The Florida Attorney General’s Office will handle enforcement of the FDBR, with some violations allowed a discretionary 45-day cure period. Once the law goes into effect, the Attorney General will be able to enforce violations by bringing a legal action under the Florida Deceptive and Unfair Trade Practices Act and seeking a civil penalty of up to $50,000 per violation. These penalties may be tripled in certain circumstances.
How does the FDBR compare to other state data privacy laws?
While most state-level data protection laws emphasize protecting the personal data of consumers and requiring businesses to be transparent about their data processing practices, Florida’s legislation differs in several important ways. Here, we’ll explore some of the top differences.
Broad focus on children. The FDBR prohibits online platforms from using so-called “dark patterns” and from processing children’s data if it knows that that processing will result in “substantial harm or privacy risk” to children. It also restricts profiling and collecting geolocation data except in certain circumstances, and it requires data minimization by heavily restricting the collection, sale, and retention of personal information from a child. While some similar restrictions can be found in laws like the CCPA, the broadness of the scope in the FDBR is notable.
Banning government moderation of social media. Under the FDBR, government entities are prohibited from contacting social media platforms to request the removal of content and from initiating agreements with social media platforms with the purpose of moderating content. According to the Florida governor’s office, the law also prevents “government-led censorship” by “prohibiting state or local government employees from colluding with Big Tech companies to censor protected speech.” These features are unique to Florida’s law and are not seen in leading data privacy legislation from states like California, Connecticut, or Iowa.
Narrow scope of covered entities. Other state data privacy laws, like the Colorado Privacy Act and the Virginia Consumer Data Protection Act, typically focus their criteria on the quantity and nature of a business’s data processing. Florida, on the other hand, focuses primarily on businesses that are tech giants and excludes other kinds of companies.
Search engine politics. The Florida Digital Bill of Rights requires Google and other large search engines to disclose whether they prioritize search results based on political ideology, seemingly reflecting the common misperception that a political bias exists in tech algorithms and social media platforms. This feature is not present or publicized in other state data privacy laws.
Higher revenue threshold. Other state privacy laws typically set lower thresholds for annual revenue than Florida’s $1 billion amount. For example, the California Consumer Privacy Act and the Utah Consumer Privacy Act both require compliance for any non-exempt organization with a gross annual revenue above $25 million.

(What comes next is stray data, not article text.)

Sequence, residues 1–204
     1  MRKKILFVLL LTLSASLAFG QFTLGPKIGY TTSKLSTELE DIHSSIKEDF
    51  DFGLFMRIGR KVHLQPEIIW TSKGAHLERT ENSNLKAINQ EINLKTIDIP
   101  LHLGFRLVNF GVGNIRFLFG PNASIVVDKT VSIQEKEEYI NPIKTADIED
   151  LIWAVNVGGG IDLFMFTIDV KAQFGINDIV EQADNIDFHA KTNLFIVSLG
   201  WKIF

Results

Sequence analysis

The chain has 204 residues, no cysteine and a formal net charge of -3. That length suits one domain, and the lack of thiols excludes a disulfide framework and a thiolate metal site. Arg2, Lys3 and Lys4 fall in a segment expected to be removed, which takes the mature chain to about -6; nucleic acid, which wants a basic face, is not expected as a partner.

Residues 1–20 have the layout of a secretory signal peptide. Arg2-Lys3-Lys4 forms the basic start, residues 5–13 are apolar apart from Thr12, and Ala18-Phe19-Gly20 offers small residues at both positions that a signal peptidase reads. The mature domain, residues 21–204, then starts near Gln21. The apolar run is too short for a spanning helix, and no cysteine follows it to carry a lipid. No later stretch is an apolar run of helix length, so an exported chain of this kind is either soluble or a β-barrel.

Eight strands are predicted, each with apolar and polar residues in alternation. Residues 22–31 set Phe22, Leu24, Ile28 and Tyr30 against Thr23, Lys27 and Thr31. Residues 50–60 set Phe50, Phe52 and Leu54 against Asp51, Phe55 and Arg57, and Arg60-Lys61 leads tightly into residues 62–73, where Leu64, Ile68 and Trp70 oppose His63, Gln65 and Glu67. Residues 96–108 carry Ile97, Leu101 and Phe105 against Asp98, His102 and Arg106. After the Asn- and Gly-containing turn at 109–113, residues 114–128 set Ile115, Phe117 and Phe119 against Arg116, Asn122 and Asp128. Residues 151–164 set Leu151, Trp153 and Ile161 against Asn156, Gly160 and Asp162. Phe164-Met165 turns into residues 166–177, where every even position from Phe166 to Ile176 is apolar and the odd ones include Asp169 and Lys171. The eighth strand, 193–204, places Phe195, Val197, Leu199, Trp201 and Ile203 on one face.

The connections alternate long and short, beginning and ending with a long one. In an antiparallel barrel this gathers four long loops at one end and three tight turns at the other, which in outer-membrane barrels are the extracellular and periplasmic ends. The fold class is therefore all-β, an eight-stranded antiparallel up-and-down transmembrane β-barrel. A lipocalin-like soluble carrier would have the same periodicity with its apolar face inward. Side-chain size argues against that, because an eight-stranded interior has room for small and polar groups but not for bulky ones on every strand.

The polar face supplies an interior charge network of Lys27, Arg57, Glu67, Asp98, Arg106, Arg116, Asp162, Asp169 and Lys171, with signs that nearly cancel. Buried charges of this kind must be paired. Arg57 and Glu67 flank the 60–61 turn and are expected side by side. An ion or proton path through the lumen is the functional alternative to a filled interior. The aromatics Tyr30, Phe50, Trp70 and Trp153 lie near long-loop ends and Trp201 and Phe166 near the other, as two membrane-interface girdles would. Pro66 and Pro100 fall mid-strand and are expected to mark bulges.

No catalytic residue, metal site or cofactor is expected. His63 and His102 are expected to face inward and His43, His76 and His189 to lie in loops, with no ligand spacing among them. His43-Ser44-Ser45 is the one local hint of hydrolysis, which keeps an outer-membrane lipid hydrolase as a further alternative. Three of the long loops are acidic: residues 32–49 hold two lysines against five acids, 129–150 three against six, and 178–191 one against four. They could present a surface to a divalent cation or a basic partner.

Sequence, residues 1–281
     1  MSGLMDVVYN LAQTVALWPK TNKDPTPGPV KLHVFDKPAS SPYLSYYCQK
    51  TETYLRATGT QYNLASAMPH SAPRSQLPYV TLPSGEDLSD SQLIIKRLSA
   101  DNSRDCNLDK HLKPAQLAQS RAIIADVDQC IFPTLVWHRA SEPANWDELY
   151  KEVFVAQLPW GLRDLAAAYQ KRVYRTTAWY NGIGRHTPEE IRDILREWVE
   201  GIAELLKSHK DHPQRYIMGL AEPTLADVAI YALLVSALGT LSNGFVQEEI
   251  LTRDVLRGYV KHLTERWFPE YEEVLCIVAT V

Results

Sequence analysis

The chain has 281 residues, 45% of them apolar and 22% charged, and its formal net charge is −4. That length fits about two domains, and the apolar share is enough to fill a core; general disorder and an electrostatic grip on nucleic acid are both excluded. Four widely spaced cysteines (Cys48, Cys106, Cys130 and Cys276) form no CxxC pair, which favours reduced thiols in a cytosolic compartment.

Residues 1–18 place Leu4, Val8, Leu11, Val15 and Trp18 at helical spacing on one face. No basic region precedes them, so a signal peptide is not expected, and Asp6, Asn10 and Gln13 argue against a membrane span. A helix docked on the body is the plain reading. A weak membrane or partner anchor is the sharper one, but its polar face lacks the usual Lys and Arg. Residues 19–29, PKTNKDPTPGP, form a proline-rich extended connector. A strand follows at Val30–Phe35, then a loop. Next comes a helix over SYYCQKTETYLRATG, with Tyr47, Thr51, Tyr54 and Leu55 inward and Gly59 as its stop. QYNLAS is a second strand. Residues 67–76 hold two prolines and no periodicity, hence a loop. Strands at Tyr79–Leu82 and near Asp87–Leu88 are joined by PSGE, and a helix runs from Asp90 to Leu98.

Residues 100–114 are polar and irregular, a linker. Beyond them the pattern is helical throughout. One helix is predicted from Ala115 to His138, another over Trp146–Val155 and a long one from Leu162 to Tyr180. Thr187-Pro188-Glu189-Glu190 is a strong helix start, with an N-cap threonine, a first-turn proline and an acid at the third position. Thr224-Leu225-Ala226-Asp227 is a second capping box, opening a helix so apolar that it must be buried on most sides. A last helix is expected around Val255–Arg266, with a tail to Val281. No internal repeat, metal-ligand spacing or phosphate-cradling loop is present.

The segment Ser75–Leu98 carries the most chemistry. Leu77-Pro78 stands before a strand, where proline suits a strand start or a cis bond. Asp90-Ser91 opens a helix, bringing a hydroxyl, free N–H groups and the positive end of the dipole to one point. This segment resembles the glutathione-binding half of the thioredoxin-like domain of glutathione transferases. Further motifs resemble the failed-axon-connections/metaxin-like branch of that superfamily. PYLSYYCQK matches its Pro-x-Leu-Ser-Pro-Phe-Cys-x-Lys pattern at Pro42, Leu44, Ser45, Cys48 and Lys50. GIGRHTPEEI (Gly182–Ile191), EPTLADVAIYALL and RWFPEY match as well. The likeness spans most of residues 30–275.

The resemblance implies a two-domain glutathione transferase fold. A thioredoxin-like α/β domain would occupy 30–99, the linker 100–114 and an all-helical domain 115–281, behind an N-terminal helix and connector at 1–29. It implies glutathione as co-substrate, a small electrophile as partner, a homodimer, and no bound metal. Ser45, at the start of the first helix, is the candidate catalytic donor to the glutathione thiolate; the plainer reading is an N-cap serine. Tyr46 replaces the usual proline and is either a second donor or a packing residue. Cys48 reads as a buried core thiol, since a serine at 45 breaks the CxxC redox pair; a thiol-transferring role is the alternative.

All in all, these features make the FDBR a comparatively narrow and politicized piece of legislation — albeit one that still offers Florida consumers some new rights over their personal data.
How should companies prepare for the Florida Digital Bill of Rights?
First, most companies will not meet the criteria for compliance with the Florida law. Even data processors that participate in the collection or sale of personal data from Florida residents will not need to comply with the FDBR unless their organization generates over $1 billion in annual revenue and meets additional criteria.
However, for the few large technology companies that do fall under the new digital privacy law, there are several steps they must take. Their IT team and department of legal affairs should work together to:
- Prepare to receive and respond to consumer requests.
- Update privacy notices.
- Establish processes for obtaining clear and informed consent for the processing of certain kinds of personal or sensitive data.
- Conduct data protection impact assessments.
- Strengthen their overall data security and privacy posture.
Achieve compliance in Florida and beyond with ShardSecure
Whether you’re in Alaska or Zurich, Florida or Florence, compliance with data privacy regulations is challenging. The regulatory landscape is constantly evolving, and the ongoing lack of a federal data privacy law in the US makes compliance particularly tricky as states create their own legislation.
ShardSecure’s technology provides advanced data privacy, security, and resilience for companies looking to protect consumers’ personal data or their own sensitive organizational data in on-prem and cloud environments. Our platform offers an innovative approach to file-level encryption that secures data from access by unauthorized third parties, including infrastructure providers and cloud storage admins.
Florida Enacts “Digital Bill of Rights” Combining Narrowly Applicable “Comprehensive” Privacy Provisions and More Broadly Applicable Restrictions on Children’s Privacy and Social Media Restrictions | Perkins on Privacy